All Scott Fitchett Jr. did was share the gospel in front of an abortion clinic. But in our culture, where good is now evil, the New York attorney general saw his act of charity and compassion as a crime.
For his day job, Fitchett is a preschool through kindergarten teacher. But in his spare time, on Saturdays, he decided to peacefully share the gospel “on public sidewalks throughout New York City.”
One of the places where Fitchett shared the gospel outside was outside of New York’s largest abortion business, Choices Women’s Medical Center.
His purpose was “to persuade women to change their minds about seeking an abortion by communicating the gospel of Jesus Christ.”
But in 2017, New York Attorney General Eric Schneiderman sued Fitchett and 12 other defendants for their pro-life speech. The attorney general argued that Fitchett and the others had “harassed, threated, and menaced patients, families, escorts and clinic staff” at the abortion clinic.
“The tactics used to harass and menace Choices’ patients, families, volunteers, and staff are not only horrifying – they’re illegal,” Attorney General Schneiderman said at the time.
But according to Liberty Counsel, which defended Fitchett and the other pro-life activists in court, Schneiderman filed the lawsuit “to silence the pro-life and Christian messages he openly despised.”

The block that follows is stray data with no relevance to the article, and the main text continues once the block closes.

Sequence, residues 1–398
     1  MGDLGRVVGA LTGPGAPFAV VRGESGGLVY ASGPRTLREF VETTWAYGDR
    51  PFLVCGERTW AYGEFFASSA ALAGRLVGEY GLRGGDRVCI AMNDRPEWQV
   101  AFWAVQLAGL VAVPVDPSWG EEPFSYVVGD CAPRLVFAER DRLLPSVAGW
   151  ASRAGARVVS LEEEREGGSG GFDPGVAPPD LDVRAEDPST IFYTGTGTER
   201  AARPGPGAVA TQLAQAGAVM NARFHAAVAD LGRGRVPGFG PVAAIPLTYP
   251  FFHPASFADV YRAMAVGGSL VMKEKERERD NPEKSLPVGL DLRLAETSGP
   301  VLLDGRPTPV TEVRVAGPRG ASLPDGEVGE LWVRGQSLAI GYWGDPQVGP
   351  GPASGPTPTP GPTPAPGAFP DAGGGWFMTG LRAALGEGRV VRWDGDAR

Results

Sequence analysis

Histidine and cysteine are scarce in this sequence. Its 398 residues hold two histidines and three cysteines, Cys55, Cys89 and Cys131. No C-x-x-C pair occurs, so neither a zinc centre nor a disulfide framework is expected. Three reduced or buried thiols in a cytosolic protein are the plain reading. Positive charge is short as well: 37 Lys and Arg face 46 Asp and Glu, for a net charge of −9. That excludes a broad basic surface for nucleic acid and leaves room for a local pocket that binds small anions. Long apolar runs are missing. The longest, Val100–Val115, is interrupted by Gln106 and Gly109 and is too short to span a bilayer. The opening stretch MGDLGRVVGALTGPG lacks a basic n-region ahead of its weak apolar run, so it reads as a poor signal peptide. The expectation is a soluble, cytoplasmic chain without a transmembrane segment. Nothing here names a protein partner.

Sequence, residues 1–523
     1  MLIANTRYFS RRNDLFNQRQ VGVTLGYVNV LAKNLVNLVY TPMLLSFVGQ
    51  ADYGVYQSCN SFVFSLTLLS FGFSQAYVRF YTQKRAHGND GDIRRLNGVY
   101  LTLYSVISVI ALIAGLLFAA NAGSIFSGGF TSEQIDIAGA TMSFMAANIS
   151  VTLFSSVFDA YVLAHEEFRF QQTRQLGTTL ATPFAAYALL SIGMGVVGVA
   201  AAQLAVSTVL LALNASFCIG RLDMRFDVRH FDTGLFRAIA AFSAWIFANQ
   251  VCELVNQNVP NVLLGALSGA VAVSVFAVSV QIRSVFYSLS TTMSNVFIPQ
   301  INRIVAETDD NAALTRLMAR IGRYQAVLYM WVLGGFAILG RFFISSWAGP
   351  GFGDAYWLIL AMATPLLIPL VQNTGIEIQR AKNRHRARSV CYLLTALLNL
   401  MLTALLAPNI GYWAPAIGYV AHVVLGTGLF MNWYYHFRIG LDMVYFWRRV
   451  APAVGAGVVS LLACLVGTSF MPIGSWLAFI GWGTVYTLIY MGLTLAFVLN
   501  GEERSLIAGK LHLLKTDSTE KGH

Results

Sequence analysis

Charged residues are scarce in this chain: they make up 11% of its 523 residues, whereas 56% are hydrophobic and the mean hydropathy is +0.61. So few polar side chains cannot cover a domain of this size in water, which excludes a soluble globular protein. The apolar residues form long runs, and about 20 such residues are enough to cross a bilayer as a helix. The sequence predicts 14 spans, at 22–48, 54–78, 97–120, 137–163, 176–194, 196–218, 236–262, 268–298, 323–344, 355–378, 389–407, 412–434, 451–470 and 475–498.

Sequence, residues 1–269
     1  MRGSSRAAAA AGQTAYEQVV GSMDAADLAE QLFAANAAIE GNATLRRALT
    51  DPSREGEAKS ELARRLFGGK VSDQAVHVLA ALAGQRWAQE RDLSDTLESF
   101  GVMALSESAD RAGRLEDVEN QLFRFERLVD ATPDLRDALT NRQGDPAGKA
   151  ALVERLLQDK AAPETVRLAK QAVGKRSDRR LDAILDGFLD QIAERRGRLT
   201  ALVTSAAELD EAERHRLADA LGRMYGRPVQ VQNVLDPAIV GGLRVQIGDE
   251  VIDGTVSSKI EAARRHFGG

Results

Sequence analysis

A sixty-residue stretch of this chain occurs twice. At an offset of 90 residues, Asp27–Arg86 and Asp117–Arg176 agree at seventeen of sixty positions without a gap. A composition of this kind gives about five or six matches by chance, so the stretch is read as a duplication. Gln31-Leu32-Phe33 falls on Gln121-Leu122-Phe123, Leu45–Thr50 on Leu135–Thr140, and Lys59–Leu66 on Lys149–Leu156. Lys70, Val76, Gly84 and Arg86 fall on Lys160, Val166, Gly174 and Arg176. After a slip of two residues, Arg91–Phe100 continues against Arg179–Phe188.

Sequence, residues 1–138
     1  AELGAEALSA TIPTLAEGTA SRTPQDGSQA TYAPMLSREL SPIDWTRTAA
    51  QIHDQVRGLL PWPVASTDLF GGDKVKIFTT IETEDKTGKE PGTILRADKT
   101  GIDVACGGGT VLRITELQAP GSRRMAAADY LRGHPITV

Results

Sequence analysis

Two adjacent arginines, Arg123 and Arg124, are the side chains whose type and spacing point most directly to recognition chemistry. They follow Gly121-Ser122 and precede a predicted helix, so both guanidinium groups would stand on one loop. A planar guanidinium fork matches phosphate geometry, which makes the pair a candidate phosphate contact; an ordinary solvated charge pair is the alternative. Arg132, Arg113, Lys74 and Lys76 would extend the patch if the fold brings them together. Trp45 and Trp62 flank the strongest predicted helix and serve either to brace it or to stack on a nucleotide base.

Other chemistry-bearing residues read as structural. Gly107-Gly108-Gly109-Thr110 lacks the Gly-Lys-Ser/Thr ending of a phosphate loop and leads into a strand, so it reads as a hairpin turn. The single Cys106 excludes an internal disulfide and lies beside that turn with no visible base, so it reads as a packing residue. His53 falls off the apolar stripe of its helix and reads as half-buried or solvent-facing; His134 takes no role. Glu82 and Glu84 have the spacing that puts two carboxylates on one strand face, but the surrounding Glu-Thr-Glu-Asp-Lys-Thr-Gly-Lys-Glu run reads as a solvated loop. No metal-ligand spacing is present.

Announcing the lawsuit in a press conference outside of Choices, Schneiderman said pro-life Christians “run their mouths” with “unlawful, un-American rhetoric.” He said that America is “not a nation where you can choose your point of view.”
Thankfully, the legal proceedings in this case revealed the attorney general’s lawsuit for what it was: bogus, anti-Constitutional persecution of pro-life Americans.
U.S. District Judge Carol Bagley Amon denied the attorney general’s request for an injunction against the 13 pro-life Christians. The judge’s order, Liberty Counsel notes, “categorically rejected all of the AG’s claims that Fitchett threatened or intimidated Choices’ patients or interfered with their access to the facility.”
Rather, Judge Amon found that Fitchett’s “sole activity was to preach and hold a sign [CHRIST DIED FOR SIN] while standing at the edge of the sidewalk.” The judge affirmed Fitchett’s testimony “‘that he preached the gospel outside an abortion clinic’ against ‘what he perceives to be outrageous sin.’”
Following Judge Amon’s ruling, the attorney general appealed to the 2nd U.S. Circuit Court of Appeals, which originally ruled against the pro-life Christians, before changing course and affirming the district court’s judgement.
In 2018, Schneiderman resigned his office after being accused by four women of sexual misconduct and physical abuse.
Now, on November 16, 2021, New York Attorney General Letitia James dismissed the case against Fitchett and the 12 other defendants. The state of New York will have to pay Liberty Counsel for the costs it incurred during the litigation.
“This is a great victory,” Liberty Counsel Founder and Chairman Mat Staver said in a statement.
“The New York attorney general’s lawsuit was politically motivated and patently frivolous. Our client, Scott Fitchett, did nothing wrong by exercising his First Amendment right to preach the gospel on a public sidewalk.”
In the United States, sharing the gospel is not a crime, despite the attempts of rogue elected officials to make it so. Thankfully, in this case, the legal process played out as it should have, and justice was served.
The case is Letitia James v. Kenneth Griepp et. al.
Photo from Liberty Counsel.